Serving Size Surprises

Nov 4th, 2014

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Category: Nutrition

Serving Size Surprises

For many, one of the main goals of achieving and maintaining a healthy weight is learning how to eat less. Part of the problem is that we don’t have a realistic idea of what constitutes a serving. In an era of to-go packaging, super-sized meals and free refills, generous portion sizes have become the norm. Over the past 50 years the size of a hamburger has tripled, a basket of fries more than doubled, and the average soda has grown from a modest 7 ounces to a jumbo 42 ounces, according to Center for Disease Control.

In addition, eating habits you learned from a young age can be difficult to break: “it’s okay to have seconds,” “clean your plate,” “you deserve dessert!” But difficult doesn’t mean impossible. You can train your body to feel full with less, just as it has become accustomed to needing more. 

What is a Serving Size?

The first step is to learn serving size. Take a minute to read the label! You might be surprised to find out how many crackers really constitute a serving or that your favorite beverage is pre-packaged as two servings … or even more. If you are paying attention to what you are eating (which you should be!), it is critical to understand how much food is going into your body. Food portion sizes shouldn’t be a surprise, unless you are going by what you want to eat versus what your body needs.

One serving is equivalent to:

    One medium-size fruit (size of a tennis ball, your fist or a light bulb).
  • * Wake up with an orange for breakfast
  • * Add a sweet crunch to your lunch with an apple
  • * A pear is a quick and easy dessert

 

    ½ cup cooked, frozen or canned vegetables or fruit (smaller than a can of tuna fish).
  • * Grab some baby carrots for a snack
  • * Order pizza with mushrooms, onions, peppers, broccoli or spinach–that’s more than one serving
  • * Place sliced, canned peaches or berries on low-fat ice cream

 

    1 cup of raw leafy vegetables (a handful of greens counts as one serving).

    • * Add a handful of baby spinach to your sandwich wrap
    • * Have a mixed green salad with a slice of veggie-topped pizza for lunch
    • * Keep washed greens in the fridge for a quick salad snack

 

    ½ cup cooked dry peas or beans (think smaller than a can of tuna fish again).

    • * Add canned or frozen beans to vegetable soup
    • * Make a salad with a variety of lima, red kidney or green beans, diced onions and Italian dressing
    • * Toss pinto and garbanzo beans into a green salad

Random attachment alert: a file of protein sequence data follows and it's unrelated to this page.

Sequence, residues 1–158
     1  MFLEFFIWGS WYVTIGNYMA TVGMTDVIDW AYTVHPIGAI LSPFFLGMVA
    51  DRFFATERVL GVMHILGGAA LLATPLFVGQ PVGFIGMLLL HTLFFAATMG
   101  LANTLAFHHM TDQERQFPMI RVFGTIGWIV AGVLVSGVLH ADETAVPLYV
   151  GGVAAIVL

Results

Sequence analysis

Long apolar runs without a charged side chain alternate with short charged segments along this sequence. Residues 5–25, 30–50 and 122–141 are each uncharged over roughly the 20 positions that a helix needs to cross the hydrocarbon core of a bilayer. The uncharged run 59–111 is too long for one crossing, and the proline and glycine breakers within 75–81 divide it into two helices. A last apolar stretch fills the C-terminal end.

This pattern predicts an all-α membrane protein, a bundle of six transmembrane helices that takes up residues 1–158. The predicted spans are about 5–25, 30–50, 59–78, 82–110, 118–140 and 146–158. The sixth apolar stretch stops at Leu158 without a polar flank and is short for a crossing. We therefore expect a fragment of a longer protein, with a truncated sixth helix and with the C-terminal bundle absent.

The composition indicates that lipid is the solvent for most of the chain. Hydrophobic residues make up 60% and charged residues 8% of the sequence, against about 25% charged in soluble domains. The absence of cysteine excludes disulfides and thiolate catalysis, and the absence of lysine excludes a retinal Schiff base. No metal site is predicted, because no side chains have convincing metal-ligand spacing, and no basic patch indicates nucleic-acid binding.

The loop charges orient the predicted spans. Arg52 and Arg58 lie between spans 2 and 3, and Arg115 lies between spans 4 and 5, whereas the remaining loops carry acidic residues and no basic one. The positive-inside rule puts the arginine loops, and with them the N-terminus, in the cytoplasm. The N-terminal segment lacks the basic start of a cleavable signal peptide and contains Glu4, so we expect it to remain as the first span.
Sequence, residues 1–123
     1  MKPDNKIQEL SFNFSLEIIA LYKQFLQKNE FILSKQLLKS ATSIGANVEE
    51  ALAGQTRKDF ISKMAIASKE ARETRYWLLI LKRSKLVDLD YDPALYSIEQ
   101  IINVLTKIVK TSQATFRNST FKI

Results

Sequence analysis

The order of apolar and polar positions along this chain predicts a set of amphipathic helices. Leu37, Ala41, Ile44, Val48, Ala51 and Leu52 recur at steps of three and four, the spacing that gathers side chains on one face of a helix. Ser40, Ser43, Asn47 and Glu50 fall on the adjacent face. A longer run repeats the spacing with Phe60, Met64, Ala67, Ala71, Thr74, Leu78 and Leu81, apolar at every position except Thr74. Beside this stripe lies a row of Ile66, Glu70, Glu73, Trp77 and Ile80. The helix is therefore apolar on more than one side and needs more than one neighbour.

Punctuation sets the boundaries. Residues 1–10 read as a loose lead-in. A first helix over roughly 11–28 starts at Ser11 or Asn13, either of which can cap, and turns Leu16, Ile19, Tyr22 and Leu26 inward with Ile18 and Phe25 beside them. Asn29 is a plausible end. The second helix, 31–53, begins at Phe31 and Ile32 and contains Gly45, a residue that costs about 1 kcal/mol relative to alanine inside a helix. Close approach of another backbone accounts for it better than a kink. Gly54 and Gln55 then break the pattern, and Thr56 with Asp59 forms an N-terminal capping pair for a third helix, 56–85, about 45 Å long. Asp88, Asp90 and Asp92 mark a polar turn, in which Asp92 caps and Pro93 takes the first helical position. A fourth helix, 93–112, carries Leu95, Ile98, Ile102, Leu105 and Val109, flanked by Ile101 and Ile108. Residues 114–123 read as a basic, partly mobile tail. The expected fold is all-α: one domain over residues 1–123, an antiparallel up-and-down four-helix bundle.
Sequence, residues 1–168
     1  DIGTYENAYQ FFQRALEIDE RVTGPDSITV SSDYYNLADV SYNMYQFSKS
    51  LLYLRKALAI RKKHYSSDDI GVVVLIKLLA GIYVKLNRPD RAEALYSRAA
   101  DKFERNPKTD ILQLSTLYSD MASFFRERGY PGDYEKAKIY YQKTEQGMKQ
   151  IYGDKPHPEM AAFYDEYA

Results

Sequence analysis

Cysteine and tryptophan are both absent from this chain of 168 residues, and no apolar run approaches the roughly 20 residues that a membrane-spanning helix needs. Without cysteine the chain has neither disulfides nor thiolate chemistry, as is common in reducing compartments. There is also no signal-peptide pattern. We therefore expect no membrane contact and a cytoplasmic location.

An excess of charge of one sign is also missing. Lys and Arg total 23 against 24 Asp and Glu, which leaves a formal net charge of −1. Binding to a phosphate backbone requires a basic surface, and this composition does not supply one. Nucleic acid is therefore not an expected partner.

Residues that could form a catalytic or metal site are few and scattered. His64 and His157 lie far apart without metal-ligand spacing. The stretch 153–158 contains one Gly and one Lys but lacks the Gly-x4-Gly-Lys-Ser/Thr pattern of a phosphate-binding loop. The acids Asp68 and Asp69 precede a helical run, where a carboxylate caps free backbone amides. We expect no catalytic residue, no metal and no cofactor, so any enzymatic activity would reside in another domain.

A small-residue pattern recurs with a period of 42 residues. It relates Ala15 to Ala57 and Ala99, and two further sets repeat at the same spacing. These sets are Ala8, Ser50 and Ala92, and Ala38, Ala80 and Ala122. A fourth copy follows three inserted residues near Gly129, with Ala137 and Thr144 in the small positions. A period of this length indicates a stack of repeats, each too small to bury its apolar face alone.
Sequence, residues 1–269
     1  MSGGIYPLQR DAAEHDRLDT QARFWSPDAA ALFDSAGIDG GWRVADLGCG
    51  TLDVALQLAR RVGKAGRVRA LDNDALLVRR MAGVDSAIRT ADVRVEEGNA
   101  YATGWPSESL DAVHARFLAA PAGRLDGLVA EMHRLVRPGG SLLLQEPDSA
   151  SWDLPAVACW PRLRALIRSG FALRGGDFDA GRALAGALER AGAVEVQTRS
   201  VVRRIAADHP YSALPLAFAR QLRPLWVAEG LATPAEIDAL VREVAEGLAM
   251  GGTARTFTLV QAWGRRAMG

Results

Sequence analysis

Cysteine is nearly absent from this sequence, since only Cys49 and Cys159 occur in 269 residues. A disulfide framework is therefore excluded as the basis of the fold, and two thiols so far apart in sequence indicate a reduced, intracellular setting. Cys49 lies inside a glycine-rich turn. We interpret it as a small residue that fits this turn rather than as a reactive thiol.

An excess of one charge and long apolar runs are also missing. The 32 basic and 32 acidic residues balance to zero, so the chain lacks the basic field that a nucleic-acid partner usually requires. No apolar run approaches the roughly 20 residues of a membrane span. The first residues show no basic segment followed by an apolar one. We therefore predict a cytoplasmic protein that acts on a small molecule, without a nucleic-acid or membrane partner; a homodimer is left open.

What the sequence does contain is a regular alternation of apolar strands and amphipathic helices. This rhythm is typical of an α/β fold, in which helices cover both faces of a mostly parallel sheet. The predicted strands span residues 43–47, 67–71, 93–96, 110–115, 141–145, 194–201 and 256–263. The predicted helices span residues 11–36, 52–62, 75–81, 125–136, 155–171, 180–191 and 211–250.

Keep Portions in Check

Don’t be fooled by what society is telling you is the right amount of food. Eat what’s right for you. You can always go back for more, and believe it or not it’s okay to feel hungry in-between meals on occasion! Here are some things to try to keep portions in check:

  • * Serve meals already dished onto plates instead of placing serving bowls on the table. This allows you to think twice before having a second portion.

 

  • * Use a smaller appetizer plate or festive party bowl to make the food seem like more.

 

  • * Eat slowly and savor each bite. When you eat too fast, your brain doesn’t get the signal that you’re full until too late and you’ve already overeaten.

 

  • * Eat foods that are healthy and low in calories first. You can eat a lot of these foods without taking in a lot of calories. When at a party, for example, hit the vegetable and fruit trays first.

 

  • * Focus on your meal and your company when eating. Watching television, reading or working while you eat can distract you. Before you know it, you’ve eaten much more than you meant to.

 

  • * Stop eating as soon as you begin to feel full. Don’t feel as if you need to clean your plate or finish the last bite.

 

  • * Designate one area of the house to eat meals, such as the kitchen table, and sit to eat your meals.

 

  • * If you’re still hungry after you’ve finished what’s on your plate, wait 20 minutes, mingle with other guests, and then if you are still hungry, nibble on something low in calories, such as fresh vegetables or fruit.

 

  • * When ordering at a restaurant, request a take-home container. When you receive your meal, put part of it in the container. Or, ask that one-half of your meal be put into a container before the meal is served. Portion sizes in restaurants can be two to three times the amount you need.

 

  • * The next time you’re at a restaurant split an entrée with someone at your table.

 

Balanced Nutrition

Aside from ensuring that you eat a variety of real, whole foods, keeping portion sizes in check should be the top of your priority list in order to maintain or lose weight. If you need help getting portion sizes under control while ensuring you are getting enough balanced nutrition (things have changed so much sometimes it seems like a drastic move to eat the right amount!), talk to one of our wellness coaches. We’ll get you on the right track to a healthier you!

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